Sunday, October 21, 2018

DAY 93: A Palace for a Princess

Two thousand acres and 187 rooms, Blenheim Palace is the ancestral home of the Dukes of Marlborough, but it's not all that old by English standards--when Jennie first saw it in the spring of 1874, it had been standing in its Cotswold fields for a mere hundred and fifty years. The land and some funds to build the palace, along with a ducal title, were granted to John Churchill by Queen Anne to celebrate his victories against the French and Bavarians in the War of Spanish Succession. Huge cost overruns and the Churchills' fluctuating political fortunes prolonged the construction for decades; John died before the palace was completed. There was never enough money to maintain Blenheim in the style to which the Dukes of Marlborough managed to become accustomed. In Randolph Churchill's day, fifty indoor servants scurried up and down the hidden service passages to keep the family functioning. The outdoor servants--grooms, gardeners, coachmen, gameskeepers--were as numerous.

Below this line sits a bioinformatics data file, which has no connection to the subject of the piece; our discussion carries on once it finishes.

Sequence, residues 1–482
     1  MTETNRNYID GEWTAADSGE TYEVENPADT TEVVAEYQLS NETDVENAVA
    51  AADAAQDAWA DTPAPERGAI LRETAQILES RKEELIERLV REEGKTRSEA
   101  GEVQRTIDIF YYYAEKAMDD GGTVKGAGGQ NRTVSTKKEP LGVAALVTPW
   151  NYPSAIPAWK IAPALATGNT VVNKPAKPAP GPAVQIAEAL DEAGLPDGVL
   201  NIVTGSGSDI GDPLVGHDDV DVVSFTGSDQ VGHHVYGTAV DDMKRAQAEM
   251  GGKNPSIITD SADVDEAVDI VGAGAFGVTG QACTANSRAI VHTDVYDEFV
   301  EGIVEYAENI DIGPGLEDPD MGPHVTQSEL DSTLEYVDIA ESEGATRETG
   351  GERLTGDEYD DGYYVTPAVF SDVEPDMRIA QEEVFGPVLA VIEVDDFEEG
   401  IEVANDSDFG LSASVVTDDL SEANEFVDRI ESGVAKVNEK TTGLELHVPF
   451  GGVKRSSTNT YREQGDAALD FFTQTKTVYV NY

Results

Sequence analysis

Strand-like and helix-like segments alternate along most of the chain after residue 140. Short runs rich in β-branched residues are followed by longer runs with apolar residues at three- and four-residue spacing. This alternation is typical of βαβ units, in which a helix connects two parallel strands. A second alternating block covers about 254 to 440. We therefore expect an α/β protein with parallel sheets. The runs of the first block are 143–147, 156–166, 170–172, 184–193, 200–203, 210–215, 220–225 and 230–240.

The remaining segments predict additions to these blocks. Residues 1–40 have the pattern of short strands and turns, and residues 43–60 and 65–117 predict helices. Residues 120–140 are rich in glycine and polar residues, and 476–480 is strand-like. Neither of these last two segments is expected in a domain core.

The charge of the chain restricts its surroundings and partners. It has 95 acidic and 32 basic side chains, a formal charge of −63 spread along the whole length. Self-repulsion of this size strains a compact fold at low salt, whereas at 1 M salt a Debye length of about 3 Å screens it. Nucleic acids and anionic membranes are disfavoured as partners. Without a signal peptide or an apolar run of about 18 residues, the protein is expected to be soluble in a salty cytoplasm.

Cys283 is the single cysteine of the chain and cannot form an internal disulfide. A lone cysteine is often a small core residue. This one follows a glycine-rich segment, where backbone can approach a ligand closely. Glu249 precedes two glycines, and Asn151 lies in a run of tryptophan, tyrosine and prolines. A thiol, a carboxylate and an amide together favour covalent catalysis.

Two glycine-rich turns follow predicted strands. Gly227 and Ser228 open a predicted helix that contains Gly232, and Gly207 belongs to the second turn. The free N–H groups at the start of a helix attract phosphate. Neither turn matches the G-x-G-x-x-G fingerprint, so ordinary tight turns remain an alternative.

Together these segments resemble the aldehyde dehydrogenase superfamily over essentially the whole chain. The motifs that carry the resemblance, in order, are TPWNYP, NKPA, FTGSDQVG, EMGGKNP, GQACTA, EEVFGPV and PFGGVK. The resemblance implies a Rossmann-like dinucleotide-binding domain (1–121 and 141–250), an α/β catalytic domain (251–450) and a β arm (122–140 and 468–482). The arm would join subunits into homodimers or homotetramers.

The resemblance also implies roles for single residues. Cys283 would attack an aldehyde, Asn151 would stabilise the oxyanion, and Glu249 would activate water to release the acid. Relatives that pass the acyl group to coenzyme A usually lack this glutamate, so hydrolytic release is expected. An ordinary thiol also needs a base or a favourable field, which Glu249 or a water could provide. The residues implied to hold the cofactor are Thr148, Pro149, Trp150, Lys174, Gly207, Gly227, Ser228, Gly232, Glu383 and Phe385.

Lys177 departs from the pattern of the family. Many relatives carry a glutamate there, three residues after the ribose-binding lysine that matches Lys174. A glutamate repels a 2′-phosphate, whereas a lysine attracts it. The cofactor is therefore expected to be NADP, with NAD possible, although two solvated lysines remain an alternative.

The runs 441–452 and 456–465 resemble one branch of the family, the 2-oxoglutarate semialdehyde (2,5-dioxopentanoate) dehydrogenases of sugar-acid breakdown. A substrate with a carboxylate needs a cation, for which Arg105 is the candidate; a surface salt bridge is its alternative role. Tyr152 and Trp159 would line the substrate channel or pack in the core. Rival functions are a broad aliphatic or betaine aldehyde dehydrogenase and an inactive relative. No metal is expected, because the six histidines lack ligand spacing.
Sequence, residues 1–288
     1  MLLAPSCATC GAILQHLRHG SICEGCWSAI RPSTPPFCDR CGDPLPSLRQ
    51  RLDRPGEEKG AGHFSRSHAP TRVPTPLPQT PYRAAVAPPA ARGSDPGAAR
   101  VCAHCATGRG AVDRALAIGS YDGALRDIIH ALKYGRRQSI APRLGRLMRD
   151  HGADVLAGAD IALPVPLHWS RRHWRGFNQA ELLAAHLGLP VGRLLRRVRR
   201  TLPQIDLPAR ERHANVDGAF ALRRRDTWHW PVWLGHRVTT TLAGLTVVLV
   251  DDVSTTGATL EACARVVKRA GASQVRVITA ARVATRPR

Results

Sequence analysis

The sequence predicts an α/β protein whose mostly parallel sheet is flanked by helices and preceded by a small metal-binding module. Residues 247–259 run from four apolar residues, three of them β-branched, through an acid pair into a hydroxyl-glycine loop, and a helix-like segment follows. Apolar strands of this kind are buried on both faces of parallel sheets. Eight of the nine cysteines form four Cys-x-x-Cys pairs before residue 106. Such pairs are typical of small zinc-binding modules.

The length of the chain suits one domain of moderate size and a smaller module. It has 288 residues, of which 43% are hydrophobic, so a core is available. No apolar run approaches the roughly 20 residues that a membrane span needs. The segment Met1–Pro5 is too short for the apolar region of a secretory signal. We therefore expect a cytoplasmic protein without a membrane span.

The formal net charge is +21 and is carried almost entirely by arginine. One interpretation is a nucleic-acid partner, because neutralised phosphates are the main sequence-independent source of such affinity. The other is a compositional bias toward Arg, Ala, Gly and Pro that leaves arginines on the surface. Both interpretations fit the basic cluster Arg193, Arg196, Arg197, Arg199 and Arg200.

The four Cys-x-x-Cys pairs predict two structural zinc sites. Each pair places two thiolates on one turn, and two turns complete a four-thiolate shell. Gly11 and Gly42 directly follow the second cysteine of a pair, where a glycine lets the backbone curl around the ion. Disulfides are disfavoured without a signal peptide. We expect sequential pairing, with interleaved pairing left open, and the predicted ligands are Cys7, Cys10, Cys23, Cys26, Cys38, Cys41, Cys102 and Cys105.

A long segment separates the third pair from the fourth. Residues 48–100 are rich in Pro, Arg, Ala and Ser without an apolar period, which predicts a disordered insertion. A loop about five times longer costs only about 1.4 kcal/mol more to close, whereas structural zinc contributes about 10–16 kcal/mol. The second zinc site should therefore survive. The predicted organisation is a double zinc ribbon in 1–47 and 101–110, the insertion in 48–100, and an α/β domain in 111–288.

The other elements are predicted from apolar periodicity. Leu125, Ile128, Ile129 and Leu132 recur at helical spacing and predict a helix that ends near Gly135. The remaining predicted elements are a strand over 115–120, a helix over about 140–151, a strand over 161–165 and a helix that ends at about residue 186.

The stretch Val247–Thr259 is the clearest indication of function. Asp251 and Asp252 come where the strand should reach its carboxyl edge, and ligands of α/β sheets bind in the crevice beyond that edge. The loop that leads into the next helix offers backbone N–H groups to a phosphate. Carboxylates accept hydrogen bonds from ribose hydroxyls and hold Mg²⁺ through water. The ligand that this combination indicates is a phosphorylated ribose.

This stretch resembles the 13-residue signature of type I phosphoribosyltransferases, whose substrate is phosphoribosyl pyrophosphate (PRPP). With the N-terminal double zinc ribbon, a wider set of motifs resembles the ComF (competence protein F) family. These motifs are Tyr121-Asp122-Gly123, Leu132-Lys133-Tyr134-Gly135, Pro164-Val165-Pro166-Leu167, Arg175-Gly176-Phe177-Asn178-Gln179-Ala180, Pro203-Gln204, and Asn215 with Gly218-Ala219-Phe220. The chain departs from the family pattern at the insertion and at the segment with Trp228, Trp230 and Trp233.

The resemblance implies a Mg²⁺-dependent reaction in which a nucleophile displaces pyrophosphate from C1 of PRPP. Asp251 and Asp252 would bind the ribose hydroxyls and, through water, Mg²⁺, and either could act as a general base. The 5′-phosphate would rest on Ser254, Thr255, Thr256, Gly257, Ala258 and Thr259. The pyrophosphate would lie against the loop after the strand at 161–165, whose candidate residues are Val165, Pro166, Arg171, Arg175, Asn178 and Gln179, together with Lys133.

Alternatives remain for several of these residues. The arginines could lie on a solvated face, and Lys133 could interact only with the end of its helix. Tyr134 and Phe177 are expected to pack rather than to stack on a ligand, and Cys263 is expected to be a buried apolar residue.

Everyone who visits Blenheim has an opinion about the place: it's hideous, cold, echoing, grand, awe-inspiring, monumental, tasteless, drafty, daunting, magnificent, depressing. 

Jennie viewed any stay with her in-laws as a penance; there was nothing to do and no one to amuse her. She spent the endless days practicing her piano, following the gentlemen's shooting parties, or writing letters to her sisters. Sometimes she concealed her face with a veil and joined groups of tourists wandering through the palace, suppressing laughter at their unflattering comments about the portraits of her husband's ancestors. 

The Long Library
Having been reared in American comfort, Jennie deplored the fact that there were only two baths in the entire "barracks," as she referred to the Blenheim. Family prayers were said each morning in the private chapel, dominated by John Churchill's tomb, and festivities were limited to the annual Hunt Ball. After dancing all night at this party in late November 1874, Jennie went into labor and gave birth to her first son, Winston, in a spare ground-floor bedroom.

For more images from THAT CHURCHILL WOMAN, visit the  Pinterest board behind the novel.

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